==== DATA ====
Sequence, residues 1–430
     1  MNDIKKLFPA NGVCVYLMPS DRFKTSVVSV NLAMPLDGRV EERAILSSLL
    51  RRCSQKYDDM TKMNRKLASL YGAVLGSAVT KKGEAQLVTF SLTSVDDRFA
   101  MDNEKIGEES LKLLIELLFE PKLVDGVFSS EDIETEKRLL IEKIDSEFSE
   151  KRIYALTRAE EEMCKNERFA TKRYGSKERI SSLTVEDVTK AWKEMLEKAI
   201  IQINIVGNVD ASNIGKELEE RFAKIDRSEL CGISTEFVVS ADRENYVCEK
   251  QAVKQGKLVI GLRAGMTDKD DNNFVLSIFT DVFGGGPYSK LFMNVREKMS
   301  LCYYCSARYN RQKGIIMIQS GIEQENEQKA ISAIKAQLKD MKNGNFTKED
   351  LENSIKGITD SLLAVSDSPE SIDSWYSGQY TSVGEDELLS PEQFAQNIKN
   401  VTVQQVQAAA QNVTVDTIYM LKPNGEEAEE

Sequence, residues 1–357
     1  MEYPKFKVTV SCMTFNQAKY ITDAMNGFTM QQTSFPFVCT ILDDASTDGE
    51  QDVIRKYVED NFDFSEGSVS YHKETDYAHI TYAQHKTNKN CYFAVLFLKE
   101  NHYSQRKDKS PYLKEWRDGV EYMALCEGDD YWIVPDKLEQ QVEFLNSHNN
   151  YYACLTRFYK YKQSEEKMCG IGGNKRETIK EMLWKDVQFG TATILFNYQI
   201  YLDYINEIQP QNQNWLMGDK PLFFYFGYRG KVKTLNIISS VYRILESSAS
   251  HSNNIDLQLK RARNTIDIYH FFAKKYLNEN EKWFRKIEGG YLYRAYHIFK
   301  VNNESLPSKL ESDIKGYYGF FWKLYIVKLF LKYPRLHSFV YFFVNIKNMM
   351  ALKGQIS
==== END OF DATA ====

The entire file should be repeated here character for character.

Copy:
Sequence, residues 1–430
     1  MNDIKKLFPA NGVCVYLMPS DRFKTSVVSV NLAMPLDGRV EERAILSSLL
    51  RRCSQKYDDM TKMNRKLASL YGAVLGSAVT KKGEAQLVTF SLTSVDDRFA
   101  MDNEKIGEES LKLLIELLFE PKLVDGVFSS EDIETEKRLL IEKIDSEFSE
   151  KRIYALTRAE EEMCKNERFA TKRYGSKERI SSLTVEDVTK AWKEMLEKAI
   201  IQINIVGNVD ASNIGKELEE RFAKIDRSEL CGISTEFVVS ADRENYVCEK
   251  QAVKQGKLVI GLRAGMTDKD DNNFVLSIFT DVFGGGPYSK LFMNVREKMS
   301  LCYYCSARYN RQKGIIMIQS GIEQENEQKA ISAIKAQLKD MKNGNFTKED
   351  LENSIKGITD SLLAVSDSPE SIDSWYSGQY TSVGEDELLS PEQFAQNIKN
   401  VTVQQVQAAA QNVTVDTIYM LKPNGEEAEE

Sequence, residues 1–357
     1  MEYPKFKVTV SCMTFNQAKY ITDAMNGFTM QQTSFPFVCT ILDDASTDGE
    51  QDVIRKYVED NFDFSEGSVS YHKETDYAHI TYAQHKTNKN CYFAVLFLKE
   101  NHYSQRKDKS PYLKEWRDGV EYMALCEGDD YWIVPDKLEQ QVEFLNSHNN
   151  YYACLTRFYK YKQSEEKMCG IGGNKRETIK EMLWKDVQFG TATILFNYQI
   201  YLDYINEIQP QNQNWLMGDK PLFFYFGYRG KVKTLNIISS VYRILESSAS
   251  HSNNIDLQLK RARNTIDIYH FFAKKYLNEN EKWFRKIEGG YLYRAYHIFK
   301  VNNESLPSKL ESDIKGYYGF FWKLYIVKLF LKYPRLHSFV YFFVNIKNMM
   351  ALKGQIS